Oct 24

Reinventing the PPP

Posted on Friday, October 24, 2014 in The Friday Times (Editorial)

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Bilawal Bhutto has been “launched”.  The Karachi jalsa was big and his speech was animated. He unfurled the liberal flag (down with the Taliban, down with the PTI and MQM, down with the oppressors of minorities and up with “Bhuttoism”) to warm the cockles of die-hard Pipliya hearts.

Alas, the power of rented crowds, hackneyed words and empty promises has withered with an increasingly cynical and disgruntled populace. Simply drumming up “Bhuttoism” and clutching at “martyrdom” will not suffice any more. Since Bhuttoism was launched 45 years ago and Zulfiqar Ali Bhutto was martyred 35 years ago, the political profile and demographic landscape of the voter has changed significantly.

ZA Bhutto rose to power on the back of downtrodden rural peasants and urban workers. The four pillars of his political philosophy were (1) roti, kapra and makan (2) Islamic nationalism (3) anti-dynastic, anti-gentry power rule (4) anti-India stance. By the time Bhutto was martyred, he had not delivered on roti, kapra and makan, the Shimla Pact had overtaken anti-Indiaism, and he had embraced the feudal landowning classes all over again.

When Benazir Bhutto took over her father’s mantle, she was able to exploit his martyrdom. But she was also able to stake a political claim in her own right for opposing dictatorship and suffering imprisonment and exile before she was 30 years old. Therefore she was able to lead the PPP to victory in the 1988 elections despite desperate attempts by the military establishment to stop her. She returned to power in 1993 partly because she could claim victimhood (unfair dismissal in 1990) and partly because she was able to assure the military establishment of loyalty after it lost faith in Nawaz Sharif. But she was dismissed again in 1996 for alleged corruption and misrule; all the popular props of Bhuttoism, martyrdom and victimhood were lost to the PPP (even in Sindh), the jiyala drifted away in the Punjab and the voter sulked at home, so that the PPP could barely manage a presence in the 1997 parliament in Islamabad. The PPP’s fortunes rose again in 2007 when the Musharraf regime allied with Benazir (via the NRO) in order to stop Nawaz Sharif from exploiting his “victimhood”. Benazir’s assassination in 2008 on the eve of elections re-ignited the martyrdom factor and the PPP won the elections.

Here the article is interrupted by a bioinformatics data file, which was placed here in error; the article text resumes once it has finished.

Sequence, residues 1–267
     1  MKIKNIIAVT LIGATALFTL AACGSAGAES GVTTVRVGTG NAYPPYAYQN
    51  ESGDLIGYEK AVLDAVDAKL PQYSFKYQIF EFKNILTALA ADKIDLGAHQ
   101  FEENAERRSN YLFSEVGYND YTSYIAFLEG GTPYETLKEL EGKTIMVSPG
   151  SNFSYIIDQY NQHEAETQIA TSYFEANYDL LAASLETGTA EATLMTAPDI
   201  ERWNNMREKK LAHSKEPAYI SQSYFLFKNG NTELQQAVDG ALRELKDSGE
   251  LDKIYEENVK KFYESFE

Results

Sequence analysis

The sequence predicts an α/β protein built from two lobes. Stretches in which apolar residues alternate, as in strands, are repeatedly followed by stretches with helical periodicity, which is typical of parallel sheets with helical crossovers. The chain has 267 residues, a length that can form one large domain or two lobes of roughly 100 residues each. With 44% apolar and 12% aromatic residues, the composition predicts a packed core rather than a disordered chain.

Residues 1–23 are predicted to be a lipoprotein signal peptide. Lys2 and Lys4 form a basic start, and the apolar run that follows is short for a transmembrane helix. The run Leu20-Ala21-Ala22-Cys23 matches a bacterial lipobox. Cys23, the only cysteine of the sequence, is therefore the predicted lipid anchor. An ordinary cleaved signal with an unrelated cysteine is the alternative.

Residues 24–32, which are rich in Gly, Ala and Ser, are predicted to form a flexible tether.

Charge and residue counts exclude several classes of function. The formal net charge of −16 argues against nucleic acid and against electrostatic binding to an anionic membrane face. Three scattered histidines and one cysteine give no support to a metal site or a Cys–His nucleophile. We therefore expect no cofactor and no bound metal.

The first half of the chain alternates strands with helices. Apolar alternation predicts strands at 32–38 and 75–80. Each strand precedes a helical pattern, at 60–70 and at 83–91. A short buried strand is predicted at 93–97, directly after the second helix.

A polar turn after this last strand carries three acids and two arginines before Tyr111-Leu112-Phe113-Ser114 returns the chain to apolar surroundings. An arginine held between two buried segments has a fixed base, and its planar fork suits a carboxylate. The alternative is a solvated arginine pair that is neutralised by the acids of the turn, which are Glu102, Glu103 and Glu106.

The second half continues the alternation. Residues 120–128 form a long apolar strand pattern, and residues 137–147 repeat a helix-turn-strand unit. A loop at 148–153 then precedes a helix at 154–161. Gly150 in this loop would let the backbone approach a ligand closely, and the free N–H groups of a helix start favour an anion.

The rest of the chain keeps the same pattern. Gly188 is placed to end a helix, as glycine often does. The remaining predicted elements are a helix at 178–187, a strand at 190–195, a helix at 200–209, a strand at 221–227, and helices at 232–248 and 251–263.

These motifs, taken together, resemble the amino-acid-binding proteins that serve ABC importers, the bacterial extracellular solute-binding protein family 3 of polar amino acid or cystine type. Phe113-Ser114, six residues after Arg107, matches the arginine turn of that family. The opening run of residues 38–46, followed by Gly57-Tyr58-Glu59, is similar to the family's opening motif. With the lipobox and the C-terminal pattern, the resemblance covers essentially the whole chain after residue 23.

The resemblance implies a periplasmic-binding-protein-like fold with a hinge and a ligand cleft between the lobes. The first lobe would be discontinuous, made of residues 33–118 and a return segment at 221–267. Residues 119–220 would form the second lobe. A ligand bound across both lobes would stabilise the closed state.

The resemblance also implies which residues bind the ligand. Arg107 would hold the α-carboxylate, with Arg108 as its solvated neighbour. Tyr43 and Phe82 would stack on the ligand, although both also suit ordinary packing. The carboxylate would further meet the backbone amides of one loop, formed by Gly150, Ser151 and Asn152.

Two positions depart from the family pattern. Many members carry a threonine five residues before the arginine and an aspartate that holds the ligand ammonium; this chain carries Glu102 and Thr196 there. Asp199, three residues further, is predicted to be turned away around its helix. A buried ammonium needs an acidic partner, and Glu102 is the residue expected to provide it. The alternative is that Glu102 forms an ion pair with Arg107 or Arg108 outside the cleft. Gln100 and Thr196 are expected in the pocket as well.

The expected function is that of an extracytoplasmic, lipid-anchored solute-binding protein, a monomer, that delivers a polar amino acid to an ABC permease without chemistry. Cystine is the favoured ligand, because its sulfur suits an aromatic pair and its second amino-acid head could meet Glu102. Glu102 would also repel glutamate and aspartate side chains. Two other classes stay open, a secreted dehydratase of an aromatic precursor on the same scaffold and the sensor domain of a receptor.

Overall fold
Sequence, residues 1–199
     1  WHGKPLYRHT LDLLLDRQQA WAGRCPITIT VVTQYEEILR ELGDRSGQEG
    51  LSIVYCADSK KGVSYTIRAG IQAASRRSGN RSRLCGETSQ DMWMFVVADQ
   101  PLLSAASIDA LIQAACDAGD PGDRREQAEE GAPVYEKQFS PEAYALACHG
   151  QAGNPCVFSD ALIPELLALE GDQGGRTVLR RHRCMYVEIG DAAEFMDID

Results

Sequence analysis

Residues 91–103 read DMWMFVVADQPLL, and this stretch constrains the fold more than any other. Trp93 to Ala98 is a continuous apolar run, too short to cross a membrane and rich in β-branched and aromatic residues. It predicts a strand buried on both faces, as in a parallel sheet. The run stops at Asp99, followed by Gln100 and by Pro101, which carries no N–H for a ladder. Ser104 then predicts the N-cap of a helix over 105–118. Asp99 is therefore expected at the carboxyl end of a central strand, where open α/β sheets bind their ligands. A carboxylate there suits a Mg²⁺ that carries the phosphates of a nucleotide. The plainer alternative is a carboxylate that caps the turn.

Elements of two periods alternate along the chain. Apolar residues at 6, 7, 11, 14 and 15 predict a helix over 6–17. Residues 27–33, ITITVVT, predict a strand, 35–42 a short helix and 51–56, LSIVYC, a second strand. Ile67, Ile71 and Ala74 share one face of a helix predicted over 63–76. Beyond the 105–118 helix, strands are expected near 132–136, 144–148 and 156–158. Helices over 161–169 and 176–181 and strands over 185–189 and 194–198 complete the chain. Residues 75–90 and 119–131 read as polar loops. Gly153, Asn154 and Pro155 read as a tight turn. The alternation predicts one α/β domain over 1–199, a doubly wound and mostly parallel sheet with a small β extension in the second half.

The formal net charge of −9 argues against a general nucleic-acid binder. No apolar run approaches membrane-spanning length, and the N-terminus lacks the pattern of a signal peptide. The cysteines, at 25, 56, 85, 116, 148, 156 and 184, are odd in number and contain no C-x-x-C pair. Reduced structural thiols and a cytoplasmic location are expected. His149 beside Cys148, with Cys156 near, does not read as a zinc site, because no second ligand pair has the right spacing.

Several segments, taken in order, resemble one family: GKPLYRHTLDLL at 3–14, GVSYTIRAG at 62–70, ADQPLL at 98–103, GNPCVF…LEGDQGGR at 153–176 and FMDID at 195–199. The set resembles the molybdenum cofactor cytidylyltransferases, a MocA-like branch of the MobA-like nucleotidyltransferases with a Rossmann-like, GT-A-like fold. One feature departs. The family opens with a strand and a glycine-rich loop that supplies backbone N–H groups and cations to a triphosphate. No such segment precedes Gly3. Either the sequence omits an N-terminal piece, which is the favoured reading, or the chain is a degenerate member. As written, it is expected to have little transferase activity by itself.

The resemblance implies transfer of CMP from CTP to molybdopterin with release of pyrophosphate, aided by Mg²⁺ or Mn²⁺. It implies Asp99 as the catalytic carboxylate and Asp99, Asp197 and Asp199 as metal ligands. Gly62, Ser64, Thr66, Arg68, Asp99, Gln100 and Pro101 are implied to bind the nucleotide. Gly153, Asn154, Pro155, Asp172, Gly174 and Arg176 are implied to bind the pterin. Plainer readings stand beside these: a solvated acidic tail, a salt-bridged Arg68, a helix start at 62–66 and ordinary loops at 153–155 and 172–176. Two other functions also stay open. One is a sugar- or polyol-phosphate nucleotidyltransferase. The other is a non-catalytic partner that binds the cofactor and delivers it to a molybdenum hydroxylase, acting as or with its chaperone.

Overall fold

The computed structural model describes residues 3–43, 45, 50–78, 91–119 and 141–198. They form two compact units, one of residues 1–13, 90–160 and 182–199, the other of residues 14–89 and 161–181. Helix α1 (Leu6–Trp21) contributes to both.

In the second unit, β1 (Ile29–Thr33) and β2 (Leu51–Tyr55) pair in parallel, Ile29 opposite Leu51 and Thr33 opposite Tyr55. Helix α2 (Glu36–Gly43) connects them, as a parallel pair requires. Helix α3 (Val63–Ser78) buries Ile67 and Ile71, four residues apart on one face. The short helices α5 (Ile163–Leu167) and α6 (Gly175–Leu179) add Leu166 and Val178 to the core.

Bilawal’s job is a difficult one. He has inherited a party that has lost the sheen of Bhutto’s martyrdom and Benazir’s victimhood, down the generations. The memory of martyrdom has also been tarnished by a lingering perception of the last PPP government as corrupt and incompetent that “didn’t perform and deliver”. Demography is also weighing in against the PPP’s traditional rural vote bank – rapid urbanization has created new middle classes and youthful groups in Punjab, Karachi and Khyber-Pakhtunkhwa with global perceptions and aspirations who have been ignored by the PPP and tapped by other parties and forces.

Indeed, the party that Bilawal has inherited is critically removed from the party that ZA Bhutto created and Benazir Bhutto tried to revive. “Bhuttoism” was anti-dynasty but Bilawal is totally dependent on it. Bhuttoism promised to deliver to the masses but neither Benazir nor Zardari were able to fulfill that promise sufficiently. Bhuttoism was anti-India but Bilawal cannot flog the same horse today because the current mood is anti-West and not anti-India. Bhuttoism was anti-feudal, anti-gentry. But the current PPP is choked with exploitative landlords, oppressive family dynasties and wheeling-dealing crony capitalists.